When account holders invest in the Georgia Path2College 529 Plan, their money will grow tax-deferred regardless of residency. This means that whatever it earns in the market won’t be subject to federal and state income tax while it’s invested in the plan. So you can maximize the power of compound interest. The money you take out of the plan will also be tax free as long as you use it for 529 plan qualified expenses such as tuition and books required for enrollment.

The Trump Tax Plan allows you to withdraw up to $10,000 tax free each year to pay tuition at K-12 private, public and religious schools. Additionally, the SECURE Act expanded qualified higher education expenses to include the costs of apprenticeship programs. You can also use up to $10,000 of 529 money to cover student loan expenses tax free per account (or beneficiary).

If you take money out of the plan for something other than a qualified higher education expense, you may run into some trouble. This is known as a nonqualified withdrawal. The earnings portion of the withdrawal may be subject to federal income tax and a 10% penalty. You may also have to pay back some or all of previously claimed deductions. You should seek a qualified financial advisor and tax professional to discuss the tax implications of a nonqualified withdrawal based on your individual circumstances. Your advisor can also help you find specific 529 plan tax benefits that may appeal to you. For example, these types of plans offer several ways you can give large amounts of money to students while avoiding the gift tax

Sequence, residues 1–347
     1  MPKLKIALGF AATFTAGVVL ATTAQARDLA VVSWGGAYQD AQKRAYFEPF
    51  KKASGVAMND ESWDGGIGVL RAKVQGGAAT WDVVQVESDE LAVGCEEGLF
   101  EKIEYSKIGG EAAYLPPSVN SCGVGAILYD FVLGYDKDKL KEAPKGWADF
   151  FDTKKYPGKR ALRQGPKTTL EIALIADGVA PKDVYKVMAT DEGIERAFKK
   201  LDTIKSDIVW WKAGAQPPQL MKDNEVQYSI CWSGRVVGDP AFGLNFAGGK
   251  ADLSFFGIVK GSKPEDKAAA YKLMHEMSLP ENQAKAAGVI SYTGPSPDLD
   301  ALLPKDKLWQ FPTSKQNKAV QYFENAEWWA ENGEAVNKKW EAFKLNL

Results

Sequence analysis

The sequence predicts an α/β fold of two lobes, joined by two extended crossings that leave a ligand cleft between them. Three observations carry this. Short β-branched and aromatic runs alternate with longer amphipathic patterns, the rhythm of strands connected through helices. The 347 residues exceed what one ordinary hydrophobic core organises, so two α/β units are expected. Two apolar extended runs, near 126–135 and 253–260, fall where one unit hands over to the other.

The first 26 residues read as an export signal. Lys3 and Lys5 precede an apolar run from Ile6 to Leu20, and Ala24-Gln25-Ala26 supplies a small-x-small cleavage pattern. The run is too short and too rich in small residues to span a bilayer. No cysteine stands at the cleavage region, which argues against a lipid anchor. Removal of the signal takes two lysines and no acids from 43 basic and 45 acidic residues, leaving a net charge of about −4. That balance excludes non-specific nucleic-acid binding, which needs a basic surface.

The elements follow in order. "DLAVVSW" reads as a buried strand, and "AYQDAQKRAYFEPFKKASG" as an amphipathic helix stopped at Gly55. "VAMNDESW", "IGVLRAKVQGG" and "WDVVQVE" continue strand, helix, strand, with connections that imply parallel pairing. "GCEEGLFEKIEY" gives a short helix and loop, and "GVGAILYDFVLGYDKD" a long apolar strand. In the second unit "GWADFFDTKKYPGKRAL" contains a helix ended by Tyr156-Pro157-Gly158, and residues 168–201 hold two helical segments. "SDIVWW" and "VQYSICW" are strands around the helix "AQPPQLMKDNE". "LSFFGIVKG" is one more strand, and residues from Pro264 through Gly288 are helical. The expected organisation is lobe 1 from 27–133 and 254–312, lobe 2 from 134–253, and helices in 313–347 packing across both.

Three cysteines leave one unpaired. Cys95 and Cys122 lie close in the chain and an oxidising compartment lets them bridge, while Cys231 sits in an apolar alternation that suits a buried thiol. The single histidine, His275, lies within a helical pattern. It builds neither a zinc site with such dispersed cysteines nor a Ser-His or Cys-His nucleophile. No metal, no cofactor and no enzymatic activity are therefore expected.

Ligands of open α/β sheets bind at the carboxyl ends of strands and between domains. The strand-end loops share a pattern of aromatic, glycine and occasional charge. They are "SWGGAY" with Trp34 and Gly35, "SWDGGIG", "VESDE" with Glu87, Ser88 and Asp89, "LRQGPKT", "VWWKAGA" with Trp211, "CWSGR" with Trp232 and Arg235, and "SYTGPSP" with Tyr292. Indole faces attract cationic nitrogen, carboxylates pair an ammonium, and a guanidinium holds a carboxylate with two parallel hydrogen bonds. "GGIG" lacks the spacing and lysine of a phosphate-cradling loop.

What Are My Investment Options?

The Georgia 529 Path2College Plan allows you to focus on saving for your child’s education by investing in various portfolios designed for all risk levels. You have the choice of age-based, single-fund and multi-fund portfolios as well as a guaranteed investment option. 

With age-based portfolios, you can choose one named after your beneficiary’s age. In general, age-based portfolios aim to become less risky as your child gets older. When your child is young, the age-based portfolio would aim for strong growth by investing heavily in stock funds, which are generally more risky but have greater potential for growth. As your child ages, the portfolio shifts focus to generally safer investments like bond funds in order to protect your earnings when your savings matter the most. 

The Path2College Plan, however, also offers an Aggressive Managed age-based option. This portfolio generally follows the same trajectory mentioned above, but it would still invest a decent amount of your money in stock funds throughout the life of the investment. So it may suit you if you have a high risk tolerance, but still want to leave asset-allocation decisions to the professionals.